Coding vs Declarative in Software Development

Apr 15, 2017

Coders like to code – they roll up their sleeves and get into the nitty gritty of whatever programming language they use. But is it always the best way to develop software?

Our firm has chosen Salesforce as our development platform for software. We leverage the existing Salesforce clouds (Sales, Service, Marketing Automation, Community, etc.), which provide a lot of functionality on their own, to develop business-specific software for our clients. While our staff members are developers at heart, we choose to deploy software for our clients on the Salesforce platform, without any coding.

Speaking the Salesforce Language

Salesforce’s object-oriented language is APEX – very similar to Java – and Visualforce is its tag-based markup language, similar to HTML. There are many (read: thousands) of very talented Salesforce developers all over the world who are certified and available to code. However, we prefer the “Declarative” approach to development. Here’s why.

ADP Speaks Salesforce

Over the last year or so, Salesforce has improved its declarative tools – known as the Flow and Process Builder. It works like this:

Process Builder is like a trigger that watches for changes in data to kick off a logical process, while Flow provides for more complex data manipulation and processing. The ADP Team has been able to leverage these tools to provide for complex workflows for our clients.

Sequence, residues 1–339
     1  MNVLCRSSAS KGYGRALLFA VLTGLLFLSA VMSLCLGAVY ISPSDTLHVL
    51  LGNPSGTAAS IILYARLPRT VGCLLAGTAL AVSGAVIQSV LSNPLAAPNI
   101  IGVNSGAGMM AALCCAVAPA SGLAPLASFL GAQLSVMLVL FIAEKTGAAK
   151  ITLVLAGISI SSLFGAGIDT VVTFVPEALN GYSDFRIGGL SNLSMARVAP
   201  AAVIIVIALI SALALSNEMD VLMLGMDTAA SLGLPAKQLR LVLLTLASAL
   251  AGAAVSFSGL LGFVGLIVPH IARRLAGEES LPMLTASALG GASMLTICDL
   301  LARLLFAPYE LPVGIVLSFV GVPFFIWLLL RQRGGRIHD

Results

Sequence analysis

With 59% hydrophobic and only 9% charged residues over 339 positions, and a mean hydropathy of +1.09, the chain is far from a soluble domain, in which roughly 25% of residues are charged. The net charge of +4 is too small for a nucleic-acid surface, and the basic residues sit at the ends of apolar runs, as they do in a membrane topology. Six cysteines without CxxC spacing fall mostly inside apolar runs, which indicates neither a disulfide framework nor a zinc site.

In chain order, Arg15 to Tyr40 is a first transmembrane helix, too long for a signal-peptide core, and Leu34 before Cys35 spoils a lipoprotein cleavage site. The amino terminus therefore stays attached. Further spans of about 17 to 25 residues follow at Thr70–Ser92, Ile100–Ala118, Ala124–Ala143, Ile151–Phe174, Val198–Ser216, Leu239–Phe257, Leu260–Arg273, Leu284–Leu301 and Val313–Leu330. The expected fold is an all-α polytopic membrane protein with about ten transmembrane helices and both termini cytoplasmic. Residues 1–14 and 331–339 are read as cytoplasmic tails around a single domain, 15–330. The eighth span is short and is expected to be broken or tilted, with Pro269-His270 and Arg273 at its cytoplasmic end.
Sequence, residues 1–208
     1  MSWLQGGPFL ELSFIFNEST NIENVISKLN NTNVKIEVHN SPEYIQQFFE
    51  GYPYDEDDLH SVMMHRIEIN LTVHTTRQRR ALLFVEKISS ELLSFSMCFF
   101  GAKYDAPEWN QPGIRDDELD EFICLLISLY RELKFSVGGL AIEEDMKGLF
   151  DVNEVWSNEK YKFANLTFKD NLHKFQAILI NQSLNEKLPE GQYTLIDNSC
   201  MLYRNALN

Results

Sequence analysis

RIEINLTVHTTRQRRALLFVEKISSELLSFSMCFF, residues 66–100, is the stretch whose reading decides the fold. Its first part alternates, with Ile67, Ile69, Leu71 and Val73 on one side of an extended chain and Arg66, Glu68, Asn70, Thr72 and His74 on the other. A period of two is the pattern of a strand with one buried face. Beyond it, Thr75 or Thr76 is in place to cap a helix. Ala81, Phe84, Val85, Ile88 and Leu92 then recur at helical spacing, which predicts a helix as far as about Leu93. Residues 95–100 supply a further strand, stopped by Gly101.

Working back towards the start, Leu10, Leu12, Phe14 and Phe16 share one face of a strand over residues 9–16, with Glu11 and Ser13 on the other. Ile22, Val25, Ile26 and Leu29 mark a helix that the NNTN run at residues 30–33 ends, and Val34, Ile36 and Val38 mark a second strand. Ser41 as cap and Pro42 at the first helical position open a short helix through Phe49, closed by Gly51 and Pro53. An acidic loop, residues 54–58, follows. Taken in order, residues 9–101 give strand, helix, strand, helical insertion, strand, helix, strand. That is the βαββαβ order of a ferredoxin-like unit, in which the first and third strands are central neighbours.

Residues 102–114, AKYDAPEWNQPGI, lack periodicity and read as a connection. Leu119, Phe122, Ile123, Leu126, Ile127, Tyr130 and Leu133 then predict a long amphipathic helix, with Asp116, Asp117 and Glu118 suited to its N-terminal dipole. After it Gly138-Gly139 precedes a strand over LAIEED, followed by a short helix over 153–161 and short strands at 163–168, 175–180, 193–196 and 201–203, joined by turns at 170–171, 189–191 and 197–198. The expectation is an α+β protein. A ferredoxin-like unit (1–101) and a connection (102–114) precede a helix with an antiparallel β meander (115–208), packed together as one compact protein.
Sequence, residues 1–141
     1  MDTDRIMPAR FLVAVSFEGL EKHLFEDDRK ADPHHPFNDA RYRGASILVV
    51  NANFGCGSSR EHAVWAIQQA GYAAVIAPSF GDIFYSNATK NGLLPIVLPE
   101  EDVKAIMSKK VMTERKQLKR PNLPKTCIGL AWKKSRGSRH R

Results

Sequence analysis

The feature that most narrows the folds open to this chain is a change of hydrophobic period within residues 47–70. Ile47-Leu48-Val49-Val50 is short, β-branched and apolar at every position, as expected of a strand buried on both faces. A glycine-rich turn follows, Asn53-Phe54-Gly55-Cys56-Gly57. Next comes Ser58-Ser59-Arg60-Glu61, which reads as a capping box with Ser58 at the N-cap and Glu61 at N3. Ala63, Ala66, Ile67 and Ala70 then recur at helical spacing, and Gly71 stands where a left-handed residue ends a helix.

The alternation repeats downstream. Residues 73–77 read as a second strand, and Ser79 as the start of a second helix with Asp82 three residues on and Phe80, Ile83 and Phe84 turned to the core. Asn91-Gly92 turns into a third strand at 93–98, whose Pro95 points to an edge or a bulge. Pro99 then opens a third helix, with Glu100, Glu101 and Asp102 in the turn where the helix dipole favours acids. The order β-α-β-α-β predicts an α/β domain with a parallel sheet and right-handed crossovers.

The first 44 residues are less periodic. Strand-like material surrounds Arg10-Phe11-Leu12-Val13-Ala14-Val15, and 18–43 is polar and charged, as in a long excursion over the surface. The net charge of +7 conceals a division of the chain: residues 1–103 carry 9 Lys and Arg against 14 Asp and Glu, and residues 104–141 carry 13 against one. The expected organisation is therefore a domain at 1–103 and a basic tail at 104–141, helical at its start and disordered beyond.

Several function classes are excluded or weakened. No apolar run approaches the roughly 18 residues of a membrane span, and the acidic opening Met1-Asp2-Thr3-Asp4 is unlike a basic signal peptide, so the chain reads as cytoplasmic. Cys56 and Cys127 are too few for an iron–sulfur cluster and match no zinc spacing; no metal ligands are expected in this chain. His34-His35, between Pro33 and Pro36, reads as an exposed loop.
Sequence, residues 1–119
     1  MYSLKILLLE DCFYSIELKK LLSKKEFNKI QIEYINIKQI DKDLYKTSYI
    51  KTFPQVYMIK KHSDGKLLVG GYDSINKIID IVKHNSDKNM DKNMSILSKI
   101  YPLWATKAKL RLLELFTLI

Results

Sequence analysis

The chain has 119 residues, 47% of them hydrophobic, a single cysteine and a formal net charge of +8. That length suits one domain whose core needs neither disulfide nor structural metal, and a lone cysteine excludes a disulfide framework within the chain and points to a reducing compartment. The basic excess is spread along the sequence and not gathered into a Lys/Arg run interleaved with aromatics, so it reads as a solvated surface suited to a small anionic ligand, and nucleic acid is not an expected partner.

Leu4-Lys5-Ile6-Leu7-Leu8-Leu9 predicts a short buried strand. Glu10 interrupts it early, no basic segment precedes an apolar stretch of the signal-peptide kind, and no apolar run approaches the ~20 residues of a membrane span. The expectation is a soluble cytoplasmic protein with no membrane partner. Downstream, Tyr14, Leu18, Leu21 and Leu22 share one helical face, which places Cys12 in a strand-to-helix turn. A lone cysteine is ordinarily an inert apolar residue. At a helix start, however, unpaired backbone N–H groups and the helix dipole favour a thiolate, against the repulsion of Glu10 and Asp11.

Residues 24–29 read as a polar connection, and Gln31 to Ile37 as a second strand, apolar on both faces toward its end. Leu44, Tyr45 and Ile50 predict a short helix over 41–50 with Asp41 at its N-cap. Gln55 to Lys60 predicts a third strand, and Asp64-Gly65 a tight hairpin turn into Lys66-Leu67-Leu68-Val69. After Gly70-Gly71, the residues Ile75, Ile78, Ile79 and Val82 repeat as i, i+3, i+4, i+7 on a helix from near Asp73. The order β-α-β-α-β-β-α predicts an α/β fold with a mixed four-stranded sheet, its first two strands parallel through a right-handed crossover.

Let’s take a closer look:

  1. We have a client who needed to automate invoicing for customers who pay on a monthly, quarterly and annual basis. In Salesforce, we used the opportunity and opportunity products to drive the process.
  2. Once a month, a flow-based screen is invoked through a link in Salesforce asking for the renewal month and year and the invoice date for the statement to be generated.
  3. The flow finds all opportunities, updates them and prepares them for integration with the accounting system and creates new opportunities with opportunity products for the next set of renewals to come up.
  4. The finance department then runs a report to verify the opportunities that will generate invoices, and runs the integration to accounting
  5. This integration creates the invoice within the accounting system; sends the Invoice back to Salesforce, attaching it to the correct Opportunity, thus creating an accounts receivable tracking.

More steps than you thought, right? And like I said — no code was used to do this.

Benefits of the ADP Approach

There are two major benefits to our clients when we use the declarative approach:

  • One is that it takes much less time, meaning that it is not as expensive.
  • And second, because it is declarative (and native to Salesforce), it won’t be broken when Salesforce does its major upgrades three times each year. Code, on the other hand, must be tested and proven before the upgrades come out. If the developer does not keep up with the Salesforce updates, then the code can break.

No one likes broken code – neither developers nor clients. In all cases, we have created robust solutions for our clients using this approach.